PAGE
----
Canadian Bankers Association

Canadian Bankers Association

March 03, 2008 12:03 ET

Fraud Protection Tips for Students and Youth-Canadian Bankers Association

March is Fraud Prevention Month

TORONTO, ONTARIO--(Marketwire - March 3, 2008) - March is Fraud Prevention Month in Canada and the Canadian Bankers Association (CBA) wants to remind students and youth about the simple steps they can take to keep their money safe and out of the hands of criminals.

Everyone knows to protect their wallet, but are you just as careful about protecting access to your bank accounts, credit cards and personal information?

"Regardless of age, everyone needs to be aware of how they can help protect their money from fraud," said Nancy Hughes Anthony, President and CEO of the CBA. "Banks work hard to protect their customers and educate them about how fraud happens. Whether you're using your debit or credit cards, or surfing or banking online, there are steps you can take to protect yourself and your money."

The CBA's "There's Something About Money" website for students and youth (www.yourmoney.cba.ca) is a great resource to learn more about money generally, and the "Protecting Your Money and Yourself" section has tips and advice on how banks are protecting you and how you can protect yourself. Here are a few tips to keep in mind while you're out shopping or using the Internet:

At the mall

- Protect your PIN - when using your debit card at the store or ABM, use your shoulder or your hand as a shield when you enter your PIN into the keypad. Criminals can't commit debit card fraud without your PIN, so keep it safe.

- Never lend your card or share your PIN with anyone. You have a responsibility to keep your PIN a secret and to never loan your card to anyone.

- Keep your cards hidden - the most common sources for credit card thieves are cards in wallets left in full-view at work, school, or in your car so keep them hidden.

- Do your homework - Always check your monthly bank and credit card statements. Report anything unusual immediately to your bank or credit card issuer.

Surfing Online

- Be careful - social media sites like Facebook and MySpace can be a goldmine for identity thieves, so don't post your birthday year, address or any other sensitive personal information.

- Be suspicious - it may sound like an irresistible online offer, but think twice. As the saying goes, if it sounds too good to be true, it probably is - watch out for scams.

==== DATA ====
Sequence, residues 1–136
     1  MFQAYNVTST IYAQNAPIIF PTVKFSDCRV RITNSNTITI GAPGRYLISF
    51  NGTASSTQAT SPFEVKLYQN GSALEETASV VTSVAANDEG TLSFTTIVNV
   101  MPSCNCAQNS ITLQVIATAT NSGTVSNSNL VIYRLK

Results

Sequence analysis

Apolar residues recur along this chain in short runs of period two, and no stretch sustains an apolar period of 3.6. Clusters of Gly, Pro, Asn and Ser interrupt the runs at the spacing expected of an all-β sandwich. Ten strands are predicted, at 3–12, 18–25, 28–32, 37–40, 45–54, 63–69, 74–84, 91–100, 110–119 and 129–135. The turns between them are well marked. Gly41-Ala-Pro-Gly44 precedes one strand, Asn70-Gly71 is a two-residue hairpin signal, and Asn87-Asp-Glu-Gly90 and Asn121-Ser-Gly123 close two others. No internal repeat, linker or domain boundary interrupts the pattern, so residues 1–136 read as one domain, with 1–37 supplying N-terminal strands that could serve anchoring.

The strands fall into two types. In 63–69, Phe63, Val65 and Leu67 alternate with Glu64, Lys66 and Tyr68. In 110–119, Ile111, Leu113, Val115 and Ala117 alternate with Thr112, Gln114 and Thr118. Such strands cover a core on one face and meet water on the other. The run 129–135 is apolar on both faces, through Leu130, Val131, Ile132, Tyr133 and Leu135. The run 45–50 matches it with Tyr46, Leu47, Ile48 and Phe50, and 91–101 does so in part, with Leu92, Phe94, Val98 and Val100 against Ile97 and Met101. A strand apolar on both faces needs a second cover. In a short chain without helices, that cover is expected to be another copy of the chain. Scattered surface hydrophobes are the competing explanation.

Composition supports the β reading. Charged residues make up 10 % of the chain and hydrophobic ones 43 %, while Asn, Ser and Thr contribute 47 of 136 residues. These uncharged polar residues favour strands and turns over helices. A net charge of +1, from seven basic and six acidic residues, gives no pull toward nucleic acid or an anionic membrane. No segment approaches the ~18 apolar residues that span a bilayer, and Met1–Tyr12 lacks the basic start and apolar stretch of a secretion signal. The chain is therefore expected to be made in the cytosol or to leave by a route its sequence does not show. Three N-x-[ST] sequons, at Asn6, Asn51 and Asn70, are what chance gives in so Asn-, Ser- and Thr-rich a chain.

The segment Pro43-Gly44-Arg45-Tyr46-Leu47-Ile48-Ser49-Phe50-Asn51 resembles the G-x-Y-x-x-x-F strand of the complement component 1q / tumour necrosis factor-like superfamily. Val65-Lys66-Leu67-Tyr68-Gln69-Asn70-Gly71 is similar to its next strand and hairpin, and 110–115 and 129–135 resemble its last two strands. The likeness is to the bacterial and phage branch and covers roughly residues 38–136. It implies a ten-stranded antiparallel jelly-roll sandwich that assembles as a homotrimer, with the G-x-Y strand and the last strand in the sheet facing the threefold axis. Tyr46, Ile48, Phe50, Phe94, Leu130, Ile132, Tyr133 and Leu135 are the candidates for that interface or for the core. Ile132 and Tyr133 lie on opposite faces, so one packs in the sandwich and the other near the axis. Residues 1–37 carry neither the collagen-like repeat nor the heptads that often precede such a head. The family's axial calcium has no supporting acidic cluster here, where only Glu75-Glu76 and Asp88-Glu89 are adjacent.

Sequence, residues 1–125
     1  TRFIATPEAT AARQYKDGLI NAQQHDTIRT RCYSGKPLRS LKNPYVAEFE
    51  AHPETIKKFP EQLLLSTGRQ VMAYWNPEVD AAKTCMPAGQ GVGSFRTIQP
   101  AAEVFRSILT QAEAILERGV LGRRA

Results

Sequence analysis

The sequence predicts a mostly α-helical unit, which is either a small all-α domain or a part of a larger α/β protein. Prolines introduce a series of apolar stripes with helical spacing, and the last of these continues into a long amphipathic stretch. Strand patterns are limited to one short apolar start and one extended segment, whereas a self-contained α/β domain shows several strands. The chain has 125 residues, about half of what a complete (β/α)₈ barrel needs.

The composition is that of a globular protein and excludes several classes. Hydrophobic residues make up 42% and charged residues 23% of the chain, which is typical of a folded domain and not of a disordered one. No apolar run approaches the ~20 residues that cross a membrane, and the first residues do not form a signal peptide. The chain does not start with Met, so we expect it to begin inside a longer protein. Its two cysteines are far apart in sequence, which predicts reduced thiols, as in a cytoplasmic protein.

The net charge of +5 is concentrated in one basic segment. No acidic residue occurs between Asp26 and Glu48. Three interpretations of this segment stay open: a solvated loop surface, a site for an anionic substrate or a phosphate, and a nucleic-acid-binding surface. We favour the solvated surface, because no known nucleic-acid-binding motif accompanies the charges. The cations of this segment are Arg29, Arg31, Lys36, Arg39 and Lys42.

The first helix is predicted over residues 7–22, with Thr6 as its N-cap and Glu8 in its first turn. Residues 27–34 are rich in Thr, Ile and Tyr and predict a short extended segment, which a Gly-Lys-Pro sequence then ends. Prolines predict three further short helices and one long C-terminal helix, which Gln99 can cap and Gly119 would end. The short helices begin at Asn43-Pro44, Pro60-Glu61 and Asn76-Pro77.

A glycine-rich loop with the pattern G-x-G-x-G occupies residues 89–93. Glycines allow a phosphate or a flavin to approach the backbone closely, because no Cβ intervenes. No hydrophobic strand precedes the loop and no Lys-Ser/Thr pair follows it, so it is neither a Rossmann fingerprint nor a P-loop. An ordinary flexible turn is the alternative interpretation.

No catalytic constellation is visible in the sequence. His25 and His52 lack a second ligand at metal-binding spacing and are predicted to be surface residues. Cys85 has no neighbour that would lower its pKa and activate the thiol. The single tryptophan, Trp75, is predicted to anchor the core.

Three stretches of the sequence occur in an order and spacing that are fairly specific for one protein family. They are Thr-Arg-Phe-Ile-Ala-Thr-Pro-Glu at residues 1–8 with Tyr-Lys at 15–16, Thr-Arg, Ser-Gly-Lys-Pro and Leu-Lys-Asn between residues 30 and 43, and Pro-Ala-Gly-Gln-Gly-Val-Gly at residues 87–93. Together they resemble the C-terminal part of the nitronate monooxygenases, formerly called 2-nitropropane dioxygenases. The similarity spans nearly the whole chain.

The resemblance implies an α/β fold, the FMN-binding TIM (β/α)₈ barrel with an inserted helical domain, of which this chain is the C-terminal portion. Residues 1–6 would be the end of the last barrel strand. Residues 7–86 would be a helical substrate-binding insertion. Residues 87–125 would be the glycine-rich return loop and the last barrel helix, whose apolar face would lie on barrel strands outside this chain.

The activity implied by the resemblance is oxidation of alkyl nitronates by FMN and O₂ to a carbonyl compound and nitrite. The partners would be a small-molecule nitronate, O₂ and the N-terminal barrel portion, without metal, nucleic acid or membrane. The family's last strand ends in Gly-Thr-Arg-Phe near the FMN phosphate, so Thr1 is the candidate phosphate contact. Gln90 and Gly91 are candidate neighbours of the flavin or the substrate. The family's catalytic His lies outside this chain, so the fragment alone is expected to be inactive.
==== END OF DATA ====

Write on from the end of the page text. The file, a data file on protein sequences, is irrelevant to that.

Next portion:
- Know who you're dealing with - look for a toll-free number (that works!) or the company's mailing address before dealing with them.

Internet banking

Online banking is very safe and banks have significant security measures to protect your accounts, but you have a responsibility to ensure that your computer stays healthy. Here are a few more tips:

- Install and maintain a firewall to guard against unwanted access to your computer.

- Install proven anti-virus, anti-spam and anti-spyware software and keeping them updated.

- Change your online banking password regularly, use hard-to-guess passwords (e.g. using a combination of letters and numbers), and never share your password with anyone, even family members.

- Don't fall for a phishing scam. Your bank will never ask you for your account numbers or passwords through e-mail, so if you receive a phishing e-mail, report it and then delete it.

Canadians are well-protected against fraud

Banks have highly sophisticated security systems in place and teams of fraud experts to monitor transactions, protect customers, detect debit and credit card fraud and phishing attacks and prevent them from happening.

When using debit cards, consumers are protected by the Canadian Code of Practice for Consumer Debit Card Services which guarantees that, if they are the victim of debit card fraud, they will get their money back from their financial institution.

Credit card users are only responsible for the maximum liability set out in their cardholder agreement (usually $50). Some cards (Visa and MasterCards for example) offer additional protection in the form of a zero-liability policy which means that the cardholder is not responsible for any fraudulent charges.

March is Fraud Prevention Month

March has been designated Fraud Prevention Month by the Fraud Prevention Forum (FPF), of which the Canadian Bankers Association and banks are members. The Fraud Prevention Forum is a concerned group of private sector firms, consumer and volunteer groups, government agencies and law enforcement organizations that are committed to fighting fraud aimed at consumers and businesses. Through its partners, the Forum, which is chaired by the Competition Bureau, works to prevent Canadians from becoming victims of fraud by educating them on how to recognize it, report it and stop it.

The Canadian Bankers Association works on behalf of 54 domestic chartered banks, foreign bank subsidiaries and foreign bank branches operating in Canada and their 249,000 employees to advocate for efficient and effective public policies governing banks and to promote an understanding of the banking industry and its importance to Canadians and the Canadian economy.

Contact Information

  • Canadian Bankers Association
    Melanie Minos
    (416) 362-6093, ext. 220 or Cell: (416) 587-7733
    Email: mminos@cba.ca